April 8, 2003
Mr. Chairman, it is a pleasure to testify once again before this august committee, on such an important and timely subject: the future of NATO. The Project for the New American Century, which I chair, has always supported an American foreign policy that is grounded on strong alliance ties. Indeed, in the Project's founding "Statement of Principles," we argued that strengthening those ties was one of four essential tasks before us if we were to correct the drift we perceived as existing in American foreign policy.
More concretely, we supported the first post-Cold War enlargement of NATO. And we support the pending one. I am pleased that we are so close to seeing that bipartisan vision become reality. And just recently, the Project helped organize two bipartisan statements proposing a key role for NATO in post-Saddam Iraq.
In general, we continue to believe that the goal of maintaining peace and prosperity in the world is best accomplished by working with our democratic allies both to protect existing democracies and, where necessary or possible, to expand liberty's reach to other nations.
But what of the future of NATO and, more generally, of the trans-Atlantic relationship? Obviously, there are questions about the health of the alliance. The first thing I would say is that it is too late to paper over these questions and pretend all is well. We need, as my colleague and Project co-founder Robert Kagan has argued (see his Of Paradise and Power: America and Europe in the New World Order), to be honest about the differences in world view between some in Europe-especially in France and Germany-and many in the United States. Within the U.S., we need to avoid cheap partisanship that casts blame unfairly either on the last administration or the present one. Undoubtedly, both administrations have made diplomatic mistakes. What administration hasn't? But the problems with the alliance go beyond European preferences for the charm of President Clinton over the directness of President Bush-and beyond the American preference for the policies of Chancellor Kohl over those of Chancellor Schroeder.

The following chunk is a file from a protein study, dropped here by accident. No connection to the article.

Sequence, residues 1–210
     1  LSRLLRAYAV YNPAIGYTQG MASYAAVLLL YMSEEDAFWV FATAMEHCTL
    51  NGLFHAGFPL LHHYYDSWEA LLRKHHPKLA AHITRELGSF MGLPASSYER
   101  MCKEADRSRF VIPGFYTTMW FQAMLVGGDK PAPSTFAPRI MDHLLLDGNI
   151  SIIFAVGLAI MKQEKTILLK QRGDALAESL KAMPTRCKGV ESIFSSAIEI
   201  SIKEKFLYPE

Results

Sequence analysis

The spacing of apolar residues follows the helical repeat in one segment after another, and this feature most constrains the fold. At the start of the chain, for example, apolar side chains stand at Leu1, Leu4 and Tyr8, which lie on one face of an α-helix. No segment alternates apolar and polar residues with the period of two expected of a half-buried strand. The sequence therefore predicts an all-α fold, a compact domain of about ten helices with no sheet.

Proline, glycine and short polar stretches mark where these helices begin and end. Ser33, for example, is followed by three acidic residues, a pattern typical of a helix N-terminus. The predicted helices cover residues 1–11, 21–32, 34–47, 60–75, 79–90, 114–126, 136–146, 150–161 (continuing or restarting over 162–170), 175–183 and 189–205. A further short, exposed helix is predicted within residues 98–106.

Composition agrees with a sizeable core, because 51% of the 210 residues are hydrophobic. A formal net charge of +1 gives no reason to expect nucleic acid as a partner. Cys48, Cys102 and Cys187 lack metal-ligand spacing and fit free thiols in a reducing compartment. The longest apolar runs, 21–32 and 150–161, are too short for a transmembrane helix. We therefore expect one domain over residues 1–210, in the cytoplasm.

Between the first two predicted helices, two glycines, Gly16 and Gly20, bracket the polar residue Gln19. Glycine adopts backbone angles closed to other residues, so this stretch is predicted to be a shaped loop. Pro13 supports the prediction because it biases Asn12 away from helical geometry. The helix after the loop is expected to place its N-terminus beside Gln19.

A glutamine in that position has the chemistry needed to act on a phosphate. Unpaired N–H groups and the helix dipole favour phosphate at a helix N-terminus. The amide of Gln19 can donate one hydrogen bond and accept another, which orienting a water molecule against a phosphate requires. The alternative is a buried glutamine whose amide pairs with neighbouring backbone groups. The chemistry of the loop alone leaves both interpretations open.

In general, I would argue that the Bush Administration has been quite responsible with respect to the trans-Atlantic alliance. When President Bush came into office, common wisdom held that, if NATO did expand again, the expansion would be quite limited in scope and number. But it was the president's vision of a "Europe, whole and free" that has led NATO to this day. Moreover, this past summer, at Prague, the administration put forward a number of constructive proposals for reforming and re-energizing NATO. And, finally, and principally at the behest of our European allies, President Bush went to the United Nations in September 2002 and secured U.N. Security Council Resolution 1441. The Bush Administration is not responsible for the current crisis in the alliance.
Who, or what, is? The answer to "who" is France-and secondarily, Germany. The answer to "what" is the new post-9/11 world to which the U.S. has reacted in one way, and France and Germany in another.
This is not the place for France-bashing. But it is the place to tell the truth. At best, the government of France is uninterested in the trans-Atlantic alliance. At worst, it wants to weaken it. France's priority lies with the European Union and/or the UN-not NATO. And there is no question that many in Paris desire to see a France-led European Union as a counterweight to U.S. power. Germany, a troubled nation with economic and demographic difficulties, and an understandable aversion to the exercise of military and nation-state power, has followed France's lead. The European Union as a whole has embraced a view of the world that is post-nationalist, post-historical, and extremely reluctant to use military force even in a just cause.